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Football, Crime And Energy At The Centre Of Final King's Speech Before Election

King Charles leaves Buckingham Palace for the King's Speech (Alamy)

4 min read

The King’s Speech was read out by Charles III on Tuesday which set out the Government's priorities for the year ahead.

The speech focused on crime, energy independence, housing and football governance.

The King’s Speech marked the opening of Parliament, and will be the final session before the next general election, which must be called before the end of 2024.

Prime Minister Rishi Sunak is under pressure from Tory MPs to start “acting, not talking”. A Government source told PoliticsHome this speech would mark a crucial moment in an important month for the Prime Minister.

New measures to reform the criminal justice system were placed at the heart of the King’s Speech.

The government has said it will introduce a Sentencing Bill, which they claim will make sure murderers spend the “rest of their lives locked up”.

King Charles III sits down ahead of the King's Speech
The speech focused on crime, energy independence, housing and football governance (Alamy)

The King announced the Government would focus on building up Britain's oil and gas industry. Last month, the FT reported that the King’s Speech would include proposals to increase future oil and gas drilling in the North Sea. In October, The Observer reported that Sunak was keen to “double down” on anti-green policies. The paper claimed that the Government was keen to look at using more British oil and gas and reduce the UK's dependence on Russian energy exports.

A new independent football regulator was also announced in the King's Speech, after Culture Lucy Frazer, the Culture Secretary, and Stuart Andrew, the Sports Minister, have repeatedly pushed for it to be included. 

The promise was in the Conservatives' 2019 manifesto, and follows Tracey Crouch MP’s fan-led review into reforming football governance. PoliticsHome reported the Government had already started hiring for a senior role to help launch the football regulator, which could be in place for the next football season in 2024/25.

Prime Minister Rishi Sunak is under pressure from Tory MPs to start “acting, not talking”.
The King’s Speech marked the opening of Parliament, and will be the final session before the next general election (Alamy)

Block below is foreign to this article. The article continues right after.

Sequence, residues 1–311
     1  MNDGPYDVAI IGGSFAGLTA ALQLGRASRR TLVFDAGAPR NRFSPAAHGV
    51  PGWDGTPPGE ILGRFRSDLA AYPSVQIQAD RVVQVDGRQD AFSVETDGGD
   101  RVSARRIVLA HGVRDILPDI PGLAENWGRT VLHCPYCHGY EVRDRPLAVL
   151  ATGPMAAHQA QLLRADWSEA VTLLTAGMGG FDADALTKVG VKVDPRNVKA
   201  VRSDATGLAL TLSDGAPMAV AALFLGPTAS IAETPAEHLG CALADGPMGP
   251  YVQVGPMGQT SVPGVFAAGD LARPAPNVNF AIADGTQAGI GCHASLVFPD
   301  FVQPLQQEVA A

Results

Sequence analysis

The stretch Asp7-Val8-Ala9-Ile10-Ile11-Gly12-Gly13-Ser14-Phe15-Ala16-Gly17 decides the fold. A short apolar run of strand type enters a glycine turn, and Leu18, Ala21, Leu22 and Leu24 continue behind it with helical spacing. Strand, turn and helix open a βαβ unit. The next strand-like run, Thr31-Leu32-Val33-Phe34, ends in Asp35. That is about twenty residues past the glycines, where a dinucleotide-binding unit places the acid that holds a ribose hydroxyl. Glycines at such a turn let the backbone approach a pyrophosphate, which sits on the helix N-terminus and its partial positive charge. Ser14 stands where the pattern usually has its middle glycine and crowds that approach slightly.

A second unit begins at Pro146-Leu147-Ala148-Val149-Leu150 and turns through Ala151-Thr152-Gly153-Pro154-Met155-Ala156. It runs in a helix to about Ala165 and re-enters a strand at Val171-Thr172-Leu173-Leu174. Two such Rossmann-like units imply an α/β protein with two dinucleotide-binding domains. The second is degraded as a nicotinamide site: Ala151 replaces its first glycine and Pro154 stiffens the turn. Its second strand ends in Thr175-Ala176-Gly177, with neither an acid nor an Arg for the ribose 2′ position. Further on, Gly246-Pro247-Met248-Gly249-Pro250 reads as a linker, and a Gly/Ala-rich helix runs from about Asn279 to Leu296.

The Renters' (Reform) Bill was also included in the King’s Speech after it received its second reading two weeks ago. The centrepiece of the Bill will look at abolishing no-fault evictions (Section 21), which charities such as Shelter have claimed can trigger homelessness.

Between 30 and 40 Tory MPs are believed to be unhappy with the proposed Bill and are planning to rebel.

In addition, a new Leasehold Bill was put into the King’s Speech. Government sources had told PoliticsHome they expected the government to commit to reforming the system. The new Bill is expected to prevent housebuilders from selling new homes as leaseholds, the Sunday Times reported.
 

House of Lords
New measures to reform the criminal justice system were placed at the heart of the King’s Speech (Alamy)

However, the Guardian reported that new flats, which make up the majority of the market, will still be able to be sold as leasehold.

PoliticsHome understands there could be pressure from Conservative, Labour and Liberal Democrat MPs to extend this ban to all new flats. 

A long-promised bill to ban gender conversion therapy was not included in the King's Speech, despite many Conservative MPs having previously lobbied the Prime Minister to include the ban in the King’s Speech.

Around 40 MPs have called for the Prime Minister not to include the ban in his speech – which would wipe out the Government’s majority.

Liberal Democrat Leader Ed Davey said he believed the King's Speech was full of "cheap gimmicks" and "reheated policies" and said the country was "crying out" for change. 

“There was nothing but empty words on the biggest issues facing the country, from the NHS crisis to the sewage scandal," he said. 

"There were no real solutions for patients left waiting months in pain for treatment, homeowners seeing their mortgages sky-rocket or communities seeing their local rivers ruined by sewage." 

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